“Well who the f*** is Billie?
Unfriended is why I still use Netscape Navigator. Keeps things simple. In this film, a group of six high school friends presumably spend many of their nights talking about teen things. As trivial and nonsensical they may be, they are important to people at this age. But this group probably uses Hangouts as much as, if not more, than they actually physically hang out. They are very much products of the online environment today.
But on one night, they all converge online, and creepy occurrences begin to happen, initiated by an uninvited user named “Billie” who has happened to interject themselves into their inner circle. What is more bizarre is that Billie is claiming to be Laura Barns, the deceased girl who committed suicide exactly a year ago. Is this some type of cruel prank being done by one of the friends? Or is Laura, from beyond the grave, serving a cold and digital dish of revenge?
Teens. Something that resembles found footage. Horror. Put these three tropes together, and one would probably expect Unfriended to offer nothing different than other horrors of recent years. Yours truly certainly made this assumption after seeing the trailer. While it does share a few similarities to other films in the genre, Unfriended actually manages to dial-up its own path, making it a relatively fresh and effective horror.
All of the marketing of this movie focused and keyed in on the uber-online environment that defines much of the world, and especially teens’ worlds, today. To be honest, I only expected the trailers showcasing Skype to be a part (a significant one, sure, but just a part) of the movie. From the moment the Universal logo appears on screen in glitches and segues into the feature presentation, the entire presentation is shot from a computer. As a movie-going audience, we are already watchers of others, but this goes another level here, like a hybrid viewpoint of first-person and second-person. While probably not the first to do this, the fact that it is the first to do this that received a wide release makes it something of a trailblazer.
Cinematically, it sounds like it would not work, and truth be told it may take a while to adjust to this style of filmmaking and storytelling. A score doesn’t even exist, but all of the Facebook message sounds, keyboard strokes, and other media auditory cues basically fill the void of one. There’s even a nice visual style of utilizing the distortion and glitchiness that comes from an unstable Internet connection to show the true, distorted nature of the main characters. Credit goes to director Levan Gabriadze for pulling this all together and making something uncommon. There are some current themes that resonate like cyber-bullying, and the power of online anonymity. Surprisingly, they are truly thought-provoking, which yours truly certainly was not anticipating.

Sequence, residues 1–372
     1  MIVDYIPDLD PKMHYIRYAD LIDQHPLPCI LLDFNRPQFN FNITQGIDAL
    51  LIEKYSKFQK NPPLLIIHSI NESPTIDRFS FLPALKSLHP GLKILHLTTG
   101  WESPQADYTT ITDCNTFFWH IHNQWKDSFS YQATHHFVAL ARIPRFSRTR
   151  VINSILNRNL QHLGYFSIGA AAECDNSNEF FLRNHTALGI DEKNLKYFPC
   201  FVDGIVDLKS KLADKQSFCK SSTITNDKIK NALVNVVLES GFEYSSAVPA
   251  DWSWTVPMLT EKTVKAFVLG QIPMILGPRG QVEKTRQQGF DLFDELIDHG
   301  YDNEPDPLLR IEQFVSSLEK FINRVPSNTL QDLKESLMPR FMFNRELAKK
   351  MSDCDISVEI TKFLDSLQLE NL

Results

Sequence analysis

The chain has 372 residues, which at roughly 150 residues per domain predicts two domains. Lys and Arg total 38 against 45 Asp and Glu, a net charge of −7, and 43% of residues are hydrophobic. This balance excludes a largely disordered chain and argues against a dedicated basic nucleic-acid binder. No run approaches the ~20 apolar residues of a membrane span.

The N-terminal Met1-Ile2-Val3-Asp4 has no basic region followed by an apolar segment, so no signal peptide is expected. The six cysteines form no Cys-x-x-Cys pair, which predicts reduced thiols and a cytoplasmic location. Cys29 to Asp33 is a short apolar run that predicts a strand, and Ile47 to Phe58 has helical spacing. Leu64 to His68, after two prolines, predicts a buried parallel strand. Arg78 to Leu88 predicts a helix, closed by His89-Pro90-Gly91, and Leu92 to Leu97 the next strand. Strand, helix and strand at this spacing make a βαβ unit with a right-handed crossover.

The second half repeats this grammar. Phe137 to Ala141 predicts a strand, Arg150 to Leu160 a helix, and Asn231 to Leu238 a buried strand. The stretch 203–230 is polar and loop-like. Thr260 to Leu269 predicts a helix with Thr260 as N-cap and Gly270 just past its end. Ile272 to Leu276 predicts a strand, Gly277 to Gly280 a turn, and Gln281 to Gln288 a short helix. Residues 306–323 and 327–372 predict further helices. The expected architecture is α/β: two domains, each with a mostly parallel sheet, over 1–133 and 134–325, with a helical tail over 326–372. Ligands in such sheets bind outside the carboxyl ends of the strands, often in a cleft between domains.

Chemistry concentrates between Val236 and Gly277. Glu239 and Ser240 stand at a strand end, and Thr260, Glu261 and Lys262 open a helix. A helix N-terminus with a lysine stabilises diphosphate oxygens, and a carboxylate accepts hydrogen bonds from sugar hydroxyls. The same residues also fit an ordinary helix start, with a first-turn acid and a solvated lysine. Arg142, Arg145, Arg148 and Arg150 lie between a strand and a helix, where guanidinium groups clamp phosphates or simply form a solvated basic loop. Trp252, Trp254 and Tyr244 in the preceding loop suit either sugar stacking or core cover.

But, as well as Gabriadze showcases these themes, perhaps some aspects could have been outlined better. As solid and as important as the message is, I think it doesn’t resonate like it potentially could have. There’s a period in the middle of the film that feels more comical than maybe intended, which makes Unfriended during this point in the runtime feel more like a parody on teen behavior rather than the realistic tale, sans the supernatural part, that is present in most of the film’s length. And without spoiling the ending hopefully, all that will be said is that there is a real opportunity to bring everything full-circle and show the true consequences of one’s actions, but instead a common, less fulfilling ending is used. It’s not bad, but it could have been substantially stronger.
There are no parents or older performers to be found in this one. As one can expect, Unfriended‘s characters are filled with people who can still pass for teens. Their characters, like teens themselves, can be annoying, but for the cliches the actors and actresses are asked to serve up they do a respectable job with some better than others. De facto main character Blaire (the movie takes place entirely on her respective screen), is played by Shelley Hennig, whose performance gets stronger as this goes on. But the real standouts are Will Peltz as Adam, the explosive, hot-tempered male teen archetype, and Renee Olstead as Jess, the promiscuous blonde archetype. The latter really sells fear and unease beyond screaming and shouting, and yours truly wouldn’t mind seeing her in more projects that aren’t The Secret Life of the American Teenager.
What one does online can be anonymous, but it also can live forever. Unfriended may not “live forever” in the eyes of horror fans or the average moviegoer, but it isn’t hard to imagine this inspiring numerous imitations moving forward.
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